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The Grind Mystery: Escalating Reward Schedules

levelup Given the tremendous volume of psychological research that has been conducted on reward schedules, why is it that the most basic form used in digital games – that behind the grind in every computer RPG, and many other games beside – does not seem to exist in the literature?

I’ve written before about reward schedules in games (also known as schedules of reinforcement in the psychology literature), and as many will know these are considered for the most part to have four basic kinds: fixed ratio, variable ratio, fixed interval and variable interval. (If you are unfamiliar with these terms, please follow the previous link for an explanation, given in the second set of bullet points). In the past, I’ve suggested that the levelling mechanics from RPGs (now present in a growing majority of blockbuster commercial games) can be understood as a fixed ratio schedule. But this overlooks an important question.

If, as psychologists maintain, these four schedules are the basic effective forms of operant conditioning (that is, training for behaviour), why is it that the RPG levelling structure – which originated with Dungeons & Dragons – doesn’t use a fixed ratio at all, but in fact a ratio that gradually increases over iterations? For instance, a typical D&D experience point curve goes 0, 1000, 3000, 6000, 10000, 15000, 21000 etc. Let’s call this an escalating ratio schedule for convenience, or an escalating reward schedule. If psychologists are correct that the four basic schedules listed above are essentially fundamental, it seems quite anomalous that games (which are the example par excellence of reward schedules in action) should prefer an escalating schedule, and equally queer that the academic paperwork seems (as far as I have been able to ascertain) to completely overlook this form as significant.

What’s more, it’s not that the effectiveness of escalating schedules is unknown outside of game design, since animal trainers (as I discuss in the post on Positive Game Design) use escalating schedules as a matter of course to teach behaviour, giving jackpots for the first success, then rewarding every instance, then rewarding with decreasing frequency, before eventually rewarding at random. In the context of animal training, this is largely seen as starting with a fixed ratio (e.g. reward every time) then changing to variable ratio (i.e. random reinforcement). This fits with the literature, but it doesn’t fit so well with what is common in game design. Either the way escalating schedules function in games is maintained solely for reasons of tradition, and games would do better to use fixed followed by variable schedules (which I doubt, except from a certain perspective I’ll discuss shortly) or the escalating schedules are themselves significant forms of operant conditioning that are overlooked in the literature because the prior paradigm (established by B.F. Skinner et al) encourages psychologists to interpret in terms of its pre-existing ‘boxes’.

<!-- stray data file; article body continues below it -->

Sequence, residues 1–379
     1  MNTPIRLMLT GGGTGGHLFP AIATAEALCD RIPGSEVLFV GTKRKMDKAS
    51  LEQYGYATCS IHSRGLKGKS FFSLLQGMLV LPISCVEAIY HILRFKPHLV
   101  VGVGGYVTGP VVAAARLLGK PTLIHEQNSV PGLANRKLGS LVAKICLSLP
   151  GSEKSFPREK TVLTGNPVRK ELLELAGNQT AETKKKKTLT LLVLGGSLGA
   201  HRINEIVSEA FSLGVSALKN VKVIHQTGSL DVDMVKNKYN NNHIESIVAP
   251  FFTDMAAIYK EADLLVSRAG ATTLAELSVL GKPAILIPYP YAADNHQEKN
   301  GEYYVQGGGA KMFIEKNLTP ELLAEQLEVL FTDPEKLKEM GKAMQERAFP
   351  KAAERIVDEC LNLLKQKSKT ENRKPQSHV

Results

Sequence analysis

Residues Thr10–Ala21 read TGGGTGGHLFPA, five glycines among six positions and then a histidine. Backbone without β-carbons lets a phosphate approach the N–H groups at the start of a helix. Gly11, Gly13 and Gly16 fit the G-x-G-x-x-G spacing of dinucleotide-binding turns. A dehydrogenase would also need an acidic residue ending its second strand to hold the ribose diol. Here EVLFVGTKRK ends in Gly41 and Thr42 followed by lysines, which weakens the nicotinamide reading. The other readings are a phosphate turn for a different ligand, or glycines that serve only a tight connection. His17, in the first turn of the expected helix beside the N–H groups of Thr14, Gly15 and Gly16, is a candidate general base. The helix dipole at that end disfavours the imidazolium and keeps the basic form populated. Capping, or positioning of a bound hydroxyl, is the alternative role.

From my own experience of both animal training and game design, the escalating reward schedule is the ultimate form of operant conditioning when you want to motivate continued interest. It produces the same “post-reinforcement pause” (e.g. slightly reduced interest after levelling up) of a fixed schedule, hence the tendency to consider them under this banner, but they don’t allow the player to just repeat the same activity, because of the escalating requirement for the next reward (e.g. level). This helps maintain interest, since the player is encouraged to actively think about what they’re doing, which is itself rewarding. (It’s less clear to me why this should matter to my dog, who is less likely to be thinking in these terms, but still learns behaviour far more effectively with an escalating schedule).

It seems as if the merit of the escalating schedule is that in the early stages, the rewards come regularly, which helps the habit set in, while later on the rewards come further apart which gives more time to focus on the nature of the activity rather than having the activity overshadowed by the reward. Hence, in the case of teaching my dog to fetch, the rewards at the outset get him interested in what’s going on, then when the rewards come less frequently the activity itself (running after a ball or frisbee in this example) starts to become its own reward, and the food treats are merely the icing on the cake. In the case of players, the low experience point requirements for levelling at the beginning of a game (or the low target values in the case of Achievements) generate a high awareness of the rewards, then the escalating schedule increases the space between rewards to provide more time to think about how to achieve the goals or enjoy the process of attaining them.